Upstairs, I spent a pleasant evening chatting with two American rock climbers and their Australian friend, all coming down from Sichuan’s northern regions. The rock climbers had just finished a first ascent of a route in what’s termed “Asia’s Patagonia,” while the Australian was hustling down to Chengdu, after being bitten by a dog in Litang. (This was to be only the first in a series of interesting rabies conversations I engaged in in the region of Garze).
We shared a yak meat pizza, which was accidentally given to the wrong party, but we got it eventually. I can confirm that yak meat is perfectly edible, especially when it – as is ideal in Tibetan culture – has suffered from a pleasantly accidental death instead of an unsightly planned *murder*.
I woke up early the next morning in an effort to catch some AM photos of the mountains that loom over Kangding, which didn’t work out very well because it was rather overcast and depressive looking. I punted: I bid farewell to the rock climbers (headed to Chengdu) and ordered some surprisingly excellent French press coffee, plotting out the rest of my day in Kangding. First on my agenda was fixing my knockoff North Face backpack, which had cost me the princely sum of $12 in Phnom Penh a month ago. It had rewarded me by having both the straps pop off within a week, leaving me to wander around China with a red and black backpack secured to me only some straps of fabric and my own profound annoyance at the situation.
Even worse, the knockoff trade in China had diminished greatly since my last visit in 2007, with all the available backpacks costing at least $60 at shiny outdoors stores with Adidas signs all over them. I didn’t know what to do.
“You could buy a new one,” the hostel owner said, “but you can just find one of the old men with sewing machines to fix it for you.” Of course I could.
I had just forgotten that I was back in the part of the world where elderly people with extremely tiny street-based businesses will solve most of your human needs for under $5.
Sure enough, I found an elderly man with a considerably more elderly sewing machine at the base of the hill where the Zhilam Hostel sits. I handed him my backpack, showed him the damage, and looked unhappy about it, and he understood immediately, going to work with tools likely last in vogue in 1935. Within 20 minutes, he had resewn my straps and added new bolts to my loose backplate, transforming my knockoff backpack into something considerably more stalwart. I tried to hand him 100 RMB as a gesture of extreme gratitude, but he shrugged and pushed it away, delicately accepting a 10 RMB note instead.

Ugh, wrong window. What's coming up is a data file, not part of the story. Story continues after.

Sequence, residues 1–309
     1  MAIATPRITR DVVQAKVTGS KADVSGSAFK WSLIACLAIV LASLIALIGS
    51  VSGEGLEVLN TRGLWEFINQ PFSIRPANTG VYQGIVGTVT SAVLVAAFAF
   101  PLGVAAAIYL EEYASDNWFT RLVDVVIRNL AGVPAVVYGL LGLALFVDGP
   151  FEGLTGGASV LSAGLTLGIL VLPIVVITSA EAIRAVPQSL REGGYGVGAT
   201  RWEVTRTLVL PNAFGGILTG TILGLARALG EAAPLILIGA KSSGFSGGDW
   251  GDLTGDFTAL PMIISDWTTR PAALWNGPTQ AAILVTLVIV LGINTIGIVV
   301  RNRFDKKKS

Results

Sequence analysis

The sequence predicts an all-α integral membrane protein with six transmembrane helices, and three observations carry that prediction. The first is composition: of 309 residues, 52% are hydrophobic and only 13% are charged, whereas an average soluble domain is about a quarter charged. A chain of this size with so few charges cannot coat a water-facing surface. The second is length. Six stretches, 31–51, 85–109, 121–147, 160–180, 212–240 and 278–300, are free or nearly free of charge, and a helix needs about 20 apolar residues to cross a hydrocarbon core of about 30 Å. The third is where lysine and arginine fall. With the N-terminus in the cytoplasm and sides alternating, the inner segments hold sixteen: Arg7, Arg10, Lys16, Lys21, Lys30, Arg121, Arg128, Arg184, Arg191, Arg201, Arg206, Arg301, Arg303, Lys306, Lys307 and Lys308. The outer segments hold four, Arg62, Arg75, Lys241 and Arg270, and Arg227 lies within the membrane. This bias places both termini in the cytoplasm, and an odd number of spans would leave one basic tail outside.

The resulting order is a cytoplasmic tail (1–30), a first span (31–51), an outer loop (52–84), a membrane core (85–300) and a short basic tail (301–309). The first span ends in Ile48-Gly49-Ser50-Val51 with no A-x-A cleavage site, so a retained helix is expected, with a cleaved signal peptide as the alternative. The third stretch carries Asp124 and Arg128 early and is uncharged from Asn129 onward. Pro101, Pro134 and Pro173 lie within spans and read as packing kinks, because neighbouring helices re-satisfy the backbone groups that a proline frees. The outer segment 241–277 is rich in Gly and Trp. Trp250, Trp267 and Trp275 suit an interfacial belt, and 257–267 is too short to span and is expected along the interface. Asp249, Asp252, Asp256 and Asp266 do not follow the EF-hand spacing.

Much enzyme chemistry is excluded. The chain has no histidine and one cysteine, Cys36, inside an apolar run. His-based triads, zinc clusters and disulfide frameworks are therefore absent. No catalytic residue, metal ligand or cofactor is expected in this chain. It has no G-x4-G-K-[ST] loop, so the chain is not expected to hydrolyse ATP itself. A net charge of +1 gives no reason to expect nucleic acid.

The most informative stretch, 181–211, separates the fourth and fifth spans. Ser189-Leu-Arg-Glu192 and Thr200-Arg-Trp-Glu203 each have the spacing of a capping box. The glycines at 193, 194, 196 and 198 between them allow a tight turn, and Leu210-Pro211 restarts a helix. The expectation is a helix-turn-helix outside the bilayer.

Enjoying my newly rejuvenated backpack to an almost bizarre extent, I walked into town in search of things to put inside of it (as well as an ATM). Kangding reminded me of Reno in an odd sort of way, with its rushing river through the middle of town, sharp mountain air, and aura of slightly odd people making easy money.
The mountains towered up all around, from the basin in which the town sat, and I was reminded of the words of British explorer Elizabeth Kimball Kendall in her 1913 “A Wayfarer in China,” who described Kangding – known to her as Tachienlu – as lying “at the bottom of a well,” with “hardly room to stand.” Modern Chinese construction was doing its best to alleviate the canyon situation of Kangding, but the aspect of the place was still aggressively vertical – hemmed in by rock and trees and the omnipresent danger of landslide.
The town’s Peoples Square was hosting a Tibetan song and dance festival, inspired by the omnipresent Chinese love song inspired by Kangding’s mountain. I shoved my way to the front of the crowd (as is proper) and watched for a while as a boy and a girl, dressed up in a deer suit, acted out a melodrama involving the female deer being shot and eaten by other teenagers dressed up in furs. It was very exciting.
I wandered down the river and found myself in the midst of Kangding’s food market, which stretches along the left side of the river for a good half-a-mile. The produce was tremendously attractive, as fancy as that found at a horrendously expensive California Whole Foods – enormous pink radishes, robust and luridly colored eggplants, and an endless variety of wild-picked mushrooms. I eventually found myself in the butchery section, where tables held the remains of yaks, made recognizable by their hanging, tufted black-and-white tails.
I planned to take the gondola up the mountain, but instead, I misplaced my passport. This led to a good two hours of ransacking the hostel in a state of slowly increasing panic, which magnified after I looked up the horrifyingly byzantine process that is getting a US passport replaced in Chengdu. Eventually, one of the young Tibetans that works at the hostel produced a penlight and discovered my passport had somehow slipped out of its sleeve – where I had put it for safe-keeping behind the front desk – and under a cabinet. whew.